Kiwis choosing to head away on holiday during the global Covid-19 pandemic shouldn't count on a free two-week stay in a managed isolation facility, Health Minister Chris Hipkins warns.
At the moment, only New Zealand citizens or permanent residents are allowed into the country, with some exemptions granted on a case-by-case basis.
All arrivals need to isolate in a Government-managed isolation facility for 14 days and need to return two negative Covid-19 tests before they're allowed to leave.
It's a massive expense currently being footed by the taxpayer. Mr Hipkins says that's not going to last.
"The whole thing is costing us quite a lot of money. It's something the Government's looking at very closely at the moment," he told TVNZ1's Breakfast this morning.
"It is an expensive exercise and so we're looking at what we might be able to do to help offset some of that cost."
There are some people who need to be allowed in without necessarily being billed, Mr Hipkins says.
It includes people who left the country before the global pandemic broke out, such as travelling backpackers or people who worked overseas.
For the others who chose to leave and come back after the severity of the outbreak was known, Mr Hipkins wants things to change.
"Someone who might be leaving or has left since Covid-19 began, well actually, the rules should be different for them and they should pay," he says.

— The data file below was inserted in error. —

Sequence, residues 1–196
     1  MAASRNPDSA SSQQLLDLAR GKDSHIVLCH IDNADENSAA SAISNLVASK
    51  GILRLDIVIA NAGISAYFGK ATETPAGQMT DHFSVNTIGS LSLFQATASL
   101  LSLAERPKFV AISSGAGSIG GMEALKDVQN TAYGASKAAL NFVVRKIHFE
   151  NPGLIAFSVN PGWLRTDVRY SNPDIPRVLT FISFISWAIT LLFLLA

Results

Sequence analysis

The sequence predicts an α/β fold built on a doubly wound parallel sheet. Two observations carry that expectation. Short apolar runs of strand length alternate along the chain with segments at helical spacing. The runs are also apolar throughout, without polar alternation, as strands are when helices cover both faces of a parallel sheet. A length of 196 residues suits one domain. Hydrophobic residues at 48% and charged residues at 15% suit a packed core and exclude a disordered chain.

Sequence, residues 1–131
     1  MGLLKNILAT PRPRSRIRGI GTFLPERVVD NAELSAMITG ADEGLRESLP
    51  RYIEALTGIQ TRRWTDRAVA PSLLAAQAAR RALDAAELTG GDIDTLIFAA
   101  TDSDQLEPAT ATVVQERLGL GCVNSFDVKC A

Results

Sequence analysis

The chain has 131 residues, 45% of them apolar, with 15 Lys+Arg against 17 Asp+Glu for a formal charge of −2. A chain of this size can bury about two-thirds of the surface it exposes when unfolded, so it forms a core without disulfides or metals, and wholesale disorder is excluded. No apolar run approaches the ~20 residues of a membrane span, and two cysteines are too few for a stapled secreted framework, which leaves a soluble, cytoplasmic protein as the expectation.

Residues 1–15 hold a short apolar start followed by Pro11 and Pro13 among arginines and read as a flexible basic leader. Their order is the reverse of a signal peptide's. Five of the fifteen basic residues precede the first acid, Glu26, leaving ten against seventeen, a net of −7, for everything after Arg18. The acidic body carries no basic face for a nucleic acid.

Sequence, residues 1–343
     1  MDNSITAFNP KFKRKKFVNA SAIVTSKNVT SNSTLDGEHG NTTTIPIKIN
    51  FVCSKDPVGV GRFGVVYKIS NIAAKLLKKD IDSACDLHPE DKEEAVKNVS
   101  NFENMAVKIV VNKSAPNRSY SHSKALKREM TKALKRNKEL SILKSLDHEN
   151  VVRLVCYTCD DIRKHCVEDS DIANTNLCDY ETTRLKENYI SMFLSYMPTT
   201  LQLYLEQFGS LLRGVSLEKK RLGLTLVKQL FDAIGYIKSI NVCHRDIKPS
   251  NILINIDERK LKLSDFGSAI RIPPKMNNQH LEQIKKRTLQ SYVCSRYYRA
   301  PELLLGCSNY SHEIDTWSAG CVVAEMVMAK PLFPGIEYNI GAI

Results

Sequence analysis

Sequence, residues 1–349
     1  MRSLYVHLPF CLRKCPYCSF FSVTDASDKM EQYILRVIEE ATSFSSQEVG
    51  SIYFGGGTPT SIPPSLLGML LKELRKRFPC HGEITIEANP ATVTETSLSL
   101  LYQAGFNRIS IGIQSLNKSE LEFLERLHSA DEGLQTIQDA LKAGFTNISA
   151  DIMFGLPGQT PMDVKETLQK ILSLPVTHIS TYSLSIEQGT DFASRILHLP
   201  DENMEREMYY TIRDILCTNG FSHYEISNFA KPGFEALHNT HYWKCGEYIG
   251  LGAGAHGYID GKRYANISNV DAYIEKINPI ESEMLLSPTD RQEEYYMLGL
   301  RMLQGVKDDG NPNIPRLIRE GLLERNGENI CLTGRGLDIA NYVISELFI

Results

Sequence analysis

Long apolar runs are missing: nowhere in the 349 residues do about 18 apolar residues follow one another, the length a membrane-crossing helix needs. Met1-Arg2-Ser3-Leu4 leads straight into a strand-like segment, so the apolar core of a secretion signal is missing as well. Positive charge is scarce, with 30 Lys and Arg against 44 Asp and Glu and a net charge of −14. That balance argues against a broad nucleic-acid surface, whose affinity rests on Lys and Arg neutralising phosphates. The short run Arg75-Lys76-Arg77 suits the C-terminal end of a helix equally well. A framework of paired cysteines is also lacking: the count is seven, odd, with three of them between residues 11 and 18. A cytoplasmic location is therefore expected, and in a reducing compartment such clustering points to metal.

"Certainly if people are thinking, 'Oh we can go away on a holiday, we could come back and have two weeks at the taxpayers' expense in a hotel in Auckland', that's not going to happen."
People shouldn't expect the New Zealand taxpayers to "subsidise their holiday", Mr Hipkins says.
"I can tell you that that's not going to happen and we're going to have more to say on that in the next week or so. But clearly we do want to deal with that."
Parliament is currently on recess and Cabinet won't meet again until next Monday.
"I imagine that we'll have more to say after that," Mr Hipkins says.
Last night, 1 NEWS revealed the Government is setting up a separate isolation facility for people being deported by Australia.
That's a separate issue to be addressed, Mr Hipkins says.
"The New Zealand Government's position on deportees is long standing. We don't think that Australia should be exporting their problems to New Zealand," he says.
"Having said that, we don't have a choice to say no under our international law obligations.
"We do have to allow these people to come to New Zealand, so we need to make sure we are bringing them back into New Zealand in a way that's safe."
There'll be extra military staff and police at that facility to managed the "increased risk" that group of people bring, he says.